An olfactory journey in the streets of Hong Kong

Walking through the streets of Hong Kong is an olfactory journey. In this city where street food is sold on every corner, the many stalls – there’s one every ten metres or so – give off copious, diverse and unusual smells: duck skin crackling over the heat, sizzling lumps of fat, garlicky vegetables frying in the wok, caramelised pork. There are fried noodles, fritters and dim sum of all kinds.

With all the greasy smoke, the stalls overflowing with delicious food, it’s a real wake-up for the senses. Whatever the time of day or night, it makes you want to dig into a big bowl of steaming noodles.

Nowhere as much as here, in Hong Kong, in this city that never stops and that dazzles with a thousand neon lights, have I ever had such a strong sense that man was put on this earth to eat.

Luckily, there are also tea houses where you can take a seat and follow the owner’s advice, and taste with him a few leaves of Pu Er, delicately broken off an old tea cake. Then you can take time to savour your tea, and think about this island and its hyperactive inhabitants who consume with such frenzy.


Posted in Country : China by François-Xavier Delmas | Tags : , ,

The lifespan of a tea plant: between 30 and 50 years

Everything comes to an end. When a tea plant no longer produces many leaves, it is replaced. The lifespan of a tea plant is quite variable, generally between 30 and 50 years, although China claims to have some that are a thousand years old.

The trunk and roots of the tea plant burn well, and heat the oven in which the tea leaves are dried after oxidisation, for example.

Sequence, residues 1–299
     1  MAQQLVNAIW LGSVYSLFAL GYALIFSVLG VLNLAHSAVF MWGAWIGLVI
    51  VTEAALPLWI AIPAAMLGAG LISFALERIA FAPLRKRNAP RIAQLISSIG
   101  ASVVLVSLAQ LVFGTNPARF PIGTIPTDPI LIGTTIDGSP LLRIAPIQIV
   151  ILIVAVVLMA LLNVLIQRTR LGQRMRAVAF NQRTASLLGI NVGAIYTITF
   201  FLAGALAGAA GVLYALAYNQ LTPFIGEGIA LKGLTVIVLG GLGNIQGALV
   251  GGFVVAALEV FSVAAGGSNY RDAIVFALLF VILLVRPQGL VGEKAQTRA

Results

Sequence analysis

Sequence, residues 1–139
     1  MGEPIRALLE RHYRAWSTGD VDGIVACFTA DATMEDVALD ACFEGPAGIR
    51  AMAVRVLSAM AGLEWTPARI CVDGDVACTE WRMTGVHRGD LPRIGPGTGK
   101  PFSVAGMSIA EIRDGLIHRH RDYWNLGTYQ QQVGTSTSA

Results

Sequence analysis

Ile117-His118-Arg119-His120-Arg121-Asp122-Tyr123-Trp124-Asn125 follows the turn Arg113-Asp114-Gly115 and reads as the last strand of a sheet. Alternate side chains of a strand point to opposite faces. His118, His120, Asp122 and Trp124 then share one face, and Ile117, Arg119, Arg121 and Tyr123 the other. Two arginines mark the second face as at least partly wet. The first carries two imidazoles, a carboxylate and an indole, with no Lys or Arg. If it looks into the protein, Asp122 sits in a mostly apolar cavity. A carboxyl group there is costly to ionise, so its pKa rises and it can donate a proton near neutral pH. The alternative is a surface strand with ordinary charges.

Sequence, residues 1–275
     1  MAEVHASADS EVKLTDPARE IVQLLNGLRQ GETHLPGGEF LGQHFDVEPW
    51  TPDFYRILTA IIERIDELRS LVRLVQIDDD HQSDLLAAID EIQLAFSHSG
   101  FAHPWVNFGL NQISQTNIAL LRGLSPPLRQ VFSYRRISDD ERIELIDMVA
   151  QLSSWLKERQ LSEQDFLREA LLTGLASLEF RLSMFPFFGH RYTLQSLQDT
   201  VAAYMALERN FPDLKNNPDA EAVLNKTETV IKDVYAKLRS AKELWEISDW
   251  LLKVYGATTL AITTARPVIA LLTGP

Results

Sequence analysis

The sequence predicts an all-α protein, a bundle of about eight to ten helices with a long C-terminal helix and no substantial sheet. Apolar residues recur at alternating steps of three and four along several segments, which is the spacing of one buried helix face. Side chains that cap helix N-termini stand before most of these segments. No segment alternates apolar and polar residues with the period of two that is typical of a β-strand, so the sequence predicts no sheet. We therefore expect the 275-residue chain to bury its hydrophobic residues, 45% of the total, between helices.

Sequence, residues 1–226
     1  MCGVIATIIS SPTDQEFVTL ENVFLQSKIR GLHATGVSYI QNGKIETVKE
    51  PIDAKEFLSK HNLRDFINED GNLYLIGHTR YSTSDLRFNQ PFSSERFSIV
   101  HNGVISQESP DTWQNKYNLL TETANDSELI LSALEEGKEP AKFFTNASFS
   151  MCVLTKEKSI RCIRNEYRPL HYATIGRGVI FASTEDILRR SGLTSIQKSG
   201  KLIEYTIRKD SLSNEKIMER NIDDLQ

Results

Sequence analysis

Posted in Tea plant by François-Xavier Delmas | Tags : , ,

Here we are in the Year of the Dragon

So here we are in the Year of the Dragon. Symbol of the Emperor, symbol of power, the Dragon is a highly desirable zodiac sign.

May this year unfold under favourable auspices, may it bring you prosperity beyond your dreams, the red signs say. It’s a tradition in China to hang long banners on the doors at the time of the new year, with messages of good wishes.


Posted in Country : China by François-Xavier Delmas | Tags :

A planter’s estate typical of the British era

When the British were in charge of tea production they created vast estates and put in place systems to manufacture large quantities of tea. On each estate they built a bungalow, which might be small or large, for the planter. Today, in India and Sri Lanka, for example, you still see these buildings that are typical of the British era. I am often invited by planters to stay in their bungalows, like this one in Amgoorie (India), which is generally considered to be one of the finest.


Posted in Country : India by François-Xavier Delmas | Tags : , , , ,

Sipping boiling hot tea, a true winter pleasure

When you’re feeling cold, what could be better than going home, putting the kettle on and warming your fingers a few minutes later around a cup of steaming tea?

Under a beautiful winter sun, here I am sipping boiling hot tea overlooking the High Atlas mountains.


Posted in Country : Morocco by François-Xavier Delmas | Tags :

The author

François-Xavier Delmas is a passionate globetrotter. He’s been touring the world’s tea plantations for more than 20 years in search of the finest teas. As the founder of Le Palais des Thés, he believes that travelling is all about discovering world cultures. From Darjeeling to Shizuoka, from Taiwan to the Golden Triangle, he invites you to follow his trips as well as share his experiences and emotions.

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